In case of an accident, contact us immediately and we coach you through the process; take pictures of the damaged vehicle(s) and process a clear police report.
Please refer to our policies, published on this website, for more information.
How to deal with traffic police in Tanzania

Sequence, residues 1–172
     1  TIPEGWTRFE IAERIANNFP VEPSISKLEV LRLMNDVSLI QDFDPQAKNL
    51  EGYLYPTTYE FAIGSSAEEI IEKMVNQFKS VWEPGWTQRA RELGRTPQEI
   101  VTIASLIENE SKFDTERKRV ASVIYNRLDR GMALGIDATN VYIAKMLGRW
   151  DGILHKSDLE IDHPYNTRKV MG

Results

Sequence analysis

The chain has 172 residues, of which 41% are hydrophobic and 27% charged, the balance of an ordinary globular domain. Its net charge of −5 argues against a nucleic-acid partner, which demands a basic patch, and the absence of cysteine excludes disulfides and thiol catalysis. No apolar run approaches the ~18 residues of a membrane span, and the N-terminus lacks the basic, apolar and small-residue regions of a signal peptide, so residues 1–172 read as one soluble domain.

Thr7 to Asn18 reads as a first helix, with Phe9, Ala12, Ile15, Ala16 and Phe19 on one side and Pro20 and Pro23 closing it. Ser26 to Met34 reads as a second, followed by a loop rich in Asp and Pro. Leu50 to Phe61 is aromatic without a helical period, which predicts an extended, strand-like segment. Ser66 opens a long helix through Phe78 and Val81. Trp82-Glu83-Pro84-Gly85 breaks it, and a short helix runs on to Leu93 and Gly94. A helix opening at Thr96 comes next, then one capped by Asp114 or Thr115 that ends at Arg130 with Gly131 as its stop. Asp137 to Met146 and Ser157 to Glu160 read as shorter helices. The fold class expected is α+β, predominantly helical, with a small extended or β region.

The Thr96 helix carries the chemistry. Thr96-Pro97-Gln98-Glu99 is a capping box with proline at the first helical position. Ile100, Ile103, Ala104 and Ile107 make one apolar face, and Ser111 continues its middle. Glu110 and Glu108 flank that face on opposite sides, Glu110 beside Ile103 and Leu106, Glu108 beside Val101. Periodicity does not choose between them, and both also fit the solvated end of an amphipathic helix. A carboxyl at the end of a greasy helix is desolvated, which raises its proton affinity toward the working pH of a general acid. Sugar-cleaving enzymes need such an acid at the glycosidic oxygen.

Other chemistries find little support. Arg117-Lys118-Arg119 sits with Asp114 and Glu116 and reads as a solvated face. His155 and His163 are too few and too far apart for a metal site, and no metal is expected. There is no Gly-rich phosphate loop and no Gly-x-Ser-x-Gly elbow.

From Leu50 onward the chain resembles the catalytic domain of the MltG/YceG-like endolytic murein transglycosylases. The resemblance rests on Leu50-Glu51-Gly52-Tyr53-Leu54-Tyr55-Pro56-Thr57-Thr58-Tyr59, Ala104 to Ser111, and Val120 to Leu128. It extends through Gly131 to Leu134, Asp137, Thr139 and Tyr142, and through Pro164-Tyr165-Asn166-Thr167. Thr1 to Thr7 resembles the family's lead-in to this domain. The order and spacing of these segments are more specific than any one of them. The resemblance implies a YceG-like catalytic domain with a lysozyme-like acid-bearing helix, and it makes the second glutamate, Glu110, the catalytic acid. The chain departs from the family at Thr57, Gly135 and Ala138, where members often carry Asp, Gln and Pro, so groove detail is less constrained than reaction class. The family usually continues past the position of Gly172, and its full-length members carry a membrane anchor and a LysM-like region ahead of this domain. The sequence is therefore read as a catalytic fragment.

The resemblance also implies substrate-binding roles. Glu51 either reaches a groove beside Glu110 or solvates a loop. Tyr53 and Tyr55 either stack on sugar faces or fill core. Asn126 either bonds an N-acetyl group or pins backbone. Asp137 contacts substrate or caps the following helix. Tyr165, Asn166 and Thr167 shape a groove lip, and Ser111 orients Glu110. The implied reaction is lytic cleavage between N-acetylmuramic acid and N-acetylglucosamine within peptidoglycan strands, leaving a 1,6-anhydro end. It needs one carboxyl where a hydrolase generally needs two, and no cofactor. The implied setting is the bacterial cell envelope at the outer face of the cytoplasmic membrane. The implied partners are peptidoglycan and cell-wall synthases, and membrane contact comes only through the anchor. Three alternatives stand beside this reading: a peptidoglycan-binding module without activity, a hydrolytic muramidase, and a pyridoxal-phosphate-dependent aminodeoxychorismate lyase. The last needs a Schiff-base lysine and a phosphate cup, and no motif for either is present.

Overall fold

There are a lot of traffic police in Tanzania. You'll recognise them from a distance by their bright white uniform (see picture below). We always wonder how they keep their uniforms so white on the dusty roads, but that's not the answer to your question... So, advice which comes in handy when dealing with any kind of government official in Tanzania is remain patient and friendly, greet them in Swahili and make a joke, and you will have a new friend. Traffic police will frequently pull you over to check if your car is insured, if the tires look okay, and to check if you are carrying the required fire extinguisher, reflector triangles and first aid kit. Of course, that is taken care of if you rent a car from Roadtrip Tanzania. They will also want to see your driving license. A valid driving license from your country of residence is accepted in Tanzania. If you didn’t break the law (speeding, dangerous overtaking, etc.), there is nothing they can accuse you of. In our experience, traffic police are friendly, curious and often just want to make chit chat. If you committed an offence, you have to pay the fine, which is usually around 30,000 Tanzanian Shillings (around €12). Officially, this should be done at the nearest police station, which could be miles away and can be a very time consuming procedure. Often the police will have a ticket and receipt book with them on the side of the road. If they don't have a ticket or receipt book, sometimes they will offer a faster payment option and hint that you buy them a "soda" or "tea" (this is not something you should propose though).